Older neighborhoods, rich in texture and character, boast an eclectic architectural collection of homes. A wide variety in housing sizes and styles are available, including picturesque pre-Revolutionary War cottages, Industrial period homes, Gilded Age mansions, turn-of-the-century Arts & Crafts bungalows, post-World War II garden apartments and neo-Colonial construction. There is a tree-lined, well-manicured Madison neighborhood to suit any taste.

RESIDENTIAL & COMMERCIAL Expert Craftsmanship • Re-Upholstery • Restoration & Repairs • Furniture Refinishing • Custom Made Headboards & Benches • Slip Covers & Bedspreads • Custom Made Draperies

Madison’s centrally situated historic downtown business district and train station emphasize an ambiance that tells the first-time visitor that this is a livable, friendly and walkable community. Most downtown structures support ground-floor retail space with residential living and office space above. Residents find they can walk to their neighbors, stores, church, school, cultural venues, parks and public transportation. In recent years, there has been an increased focus on transit-oriented design and thus an increase in development of residential units downtown. The recently completed development on the former Green Village Road School property is a prime example. The KRE Group built 100 luxury rental apartments (Rose Hall) and Mark Built Homes built 35 luxury for-sale condominiums (Madison Place).

Regardless of your current lifestyle, there is a tree-lined, well-manicured Madison neighborhood to suit any taste.

Conveniently Located at: The corner of Main St. & Central Ave. in the Historic Freight Station Building #2 Central Ave. Madison, NJ 07940 Visit Our Website:

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HEALTH & WELLNESS

T

Car i ng C ommuni t y

wo of the finest, and ever-expanding, medical facilities in New Jersey conveniently services Madison – Morristown Medical Center and Overlook Medical Center, part of Atlantic Health System.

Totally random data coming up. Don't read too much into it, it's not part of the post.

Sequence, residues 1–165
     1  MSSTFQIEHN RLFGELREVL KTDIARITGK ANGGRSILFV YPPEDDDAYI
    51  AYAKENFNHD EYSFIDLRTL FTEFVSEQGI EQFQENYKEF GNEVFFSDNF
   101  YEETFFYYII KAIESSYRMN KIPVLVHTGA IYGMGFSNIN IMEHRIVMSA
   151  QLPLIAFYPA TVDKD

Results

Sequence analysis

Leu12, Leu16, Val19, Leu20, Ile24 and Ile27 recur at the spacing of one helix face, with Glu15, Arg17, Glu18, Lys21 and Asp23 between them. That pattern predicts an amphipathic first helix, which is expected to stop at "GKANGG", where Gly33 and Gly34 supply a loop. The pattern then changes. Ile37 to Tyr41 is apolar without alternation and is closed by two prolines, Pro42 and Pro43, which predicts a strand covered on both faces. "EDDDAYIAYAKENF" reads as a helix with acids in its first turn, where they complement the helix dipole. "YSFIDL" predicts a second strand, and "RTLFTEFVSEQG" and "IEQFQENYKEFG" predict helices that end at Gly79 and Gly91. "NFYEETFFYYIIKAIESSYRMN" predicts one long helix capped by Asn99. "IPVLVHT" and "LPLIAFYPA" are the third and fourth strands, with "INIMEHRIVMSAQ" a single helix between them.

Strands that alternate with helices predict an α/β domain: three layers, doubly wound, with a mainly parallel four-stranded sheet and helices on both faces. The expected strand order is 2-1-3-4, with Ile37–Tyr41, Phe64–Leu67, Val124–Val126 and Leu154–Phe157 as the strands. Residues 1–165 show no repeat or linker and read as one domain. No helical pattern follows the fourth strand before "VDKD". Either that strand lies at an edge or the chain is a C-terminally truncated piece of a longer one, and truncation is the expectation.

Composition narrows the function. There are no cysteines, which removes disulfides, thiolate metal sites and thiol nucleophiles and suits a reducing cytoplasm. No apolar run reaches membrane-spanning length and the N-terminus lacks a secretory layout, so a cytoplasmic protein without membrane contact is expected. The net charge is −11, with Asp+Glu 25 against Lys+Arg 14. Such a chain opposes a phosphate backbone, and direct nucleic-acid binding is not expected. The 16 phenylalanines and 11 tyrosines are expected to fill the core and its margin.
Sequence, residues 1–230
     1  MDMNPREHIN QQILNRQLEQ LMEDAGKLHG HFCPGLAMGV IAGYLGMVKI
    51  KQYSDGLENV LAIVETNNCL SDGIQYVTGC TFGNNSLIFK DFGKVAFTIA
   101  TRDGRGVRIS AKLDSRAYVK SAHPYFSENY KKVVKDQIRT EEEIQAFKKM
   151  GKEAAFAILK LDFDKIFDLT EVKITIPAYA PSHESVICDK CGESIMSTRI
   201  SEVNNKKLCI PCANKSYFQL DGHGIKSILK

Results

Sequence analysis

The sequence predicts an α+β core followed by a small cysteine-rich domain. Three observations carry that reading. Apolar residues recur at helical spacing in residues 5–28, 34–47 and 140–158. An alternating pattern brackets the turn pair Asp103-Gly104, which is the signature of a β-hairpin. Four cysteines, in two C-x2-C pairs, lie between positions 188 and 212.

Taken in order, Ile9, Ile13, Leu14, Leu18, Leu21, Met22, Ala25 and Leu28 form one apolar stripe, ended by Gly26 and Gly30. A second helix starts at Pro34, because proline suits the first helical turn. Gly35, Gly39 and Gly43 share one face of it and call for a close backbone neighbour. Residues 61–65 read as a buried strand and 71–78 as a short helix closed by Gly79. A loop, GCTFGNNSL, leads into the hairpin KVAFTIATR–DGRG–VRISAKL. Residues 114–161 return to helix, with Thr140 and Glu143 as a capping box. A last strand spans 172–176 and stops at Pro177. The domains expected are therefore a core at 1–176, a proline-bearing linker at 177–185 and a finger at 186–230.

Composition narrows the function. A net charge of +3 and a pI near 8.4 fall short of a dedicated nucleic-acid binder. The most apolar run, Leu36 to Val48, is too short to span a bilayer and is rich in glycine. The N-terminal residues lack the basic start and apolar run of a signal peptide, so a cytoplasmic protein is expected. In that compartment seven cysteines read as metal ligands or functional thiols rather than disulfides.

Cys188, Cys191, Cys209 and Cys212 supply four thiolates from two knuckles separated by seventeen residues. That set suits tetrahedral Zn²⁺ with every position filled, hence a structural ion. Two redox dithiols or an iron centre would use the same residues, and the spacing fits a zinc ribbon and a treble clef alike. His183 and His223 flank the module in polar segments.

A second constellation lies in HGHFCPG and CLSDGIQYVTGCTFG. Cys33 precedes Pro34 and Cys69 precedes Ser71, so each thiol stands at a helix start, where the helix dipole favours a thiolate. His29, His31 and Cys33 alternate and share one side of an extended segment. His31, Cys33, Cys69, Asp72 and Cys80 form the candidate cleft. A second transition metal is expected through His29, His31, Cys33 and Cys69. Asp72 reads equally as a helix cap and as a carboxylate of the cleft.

Morristown Medical Center was named the top hospital in the state by U.S News & World Report, and one of America’s 50 best Hospitals by Healthgrades. Its cardiology & heart surgery program is ranked top in the state by U.S. News & World Report. The Carol G. Simon Cancer Center offers a team of nationally recognized, tumor-specific oncologists, and has received the American College of Surgeons Outstanding Achievement Award for cancer care, which is awarded to fewer than 15 percent of hospitals in the country and the Goryeb Children’s Hospital provides unparalleled pediatric care and access to over 100 pediatric subspecialistists. Atlantic Health System’s Overlook Medical Center is home to the Atlantic Neuroscience Institute, a recognized leader in neuroscience care, offering a broad range of advanced neurological, neurosurgical and neurodiagnostic services. This includes NJ’s first statedesignated Comprehensive Stroke Center – the first in the country to initiate In-Transit TeleStroke technology, the Gerald J. Glasser Brain Tumor Center and the largest and most experienced CyberKnife program in New Jersey. Overlook performs more brain tumor surgeries than any other hospital in the state, and attracts nationally-recognized physicians who perform groundbreaking research, medical trials and treatments. Overlook is also certified as a Level IV Epilepsy Center. In May 2018, Atlantic Health System and Kindred Healthcare broke ground on a new Atlantic Rehabilitation Institute at the Giralda Farms corporate park on Madison Avenue. The new facility will offer New Jersey best-in-class inpatient rehabilitation in a modern, state-ofthe-art setting in Madison. When completed, the two-story, 38-bed rehabilitation facility will provide patientfocused rehabilitation dedicated to the treatment and recovery of individuals through intensive specialized rehabilitation services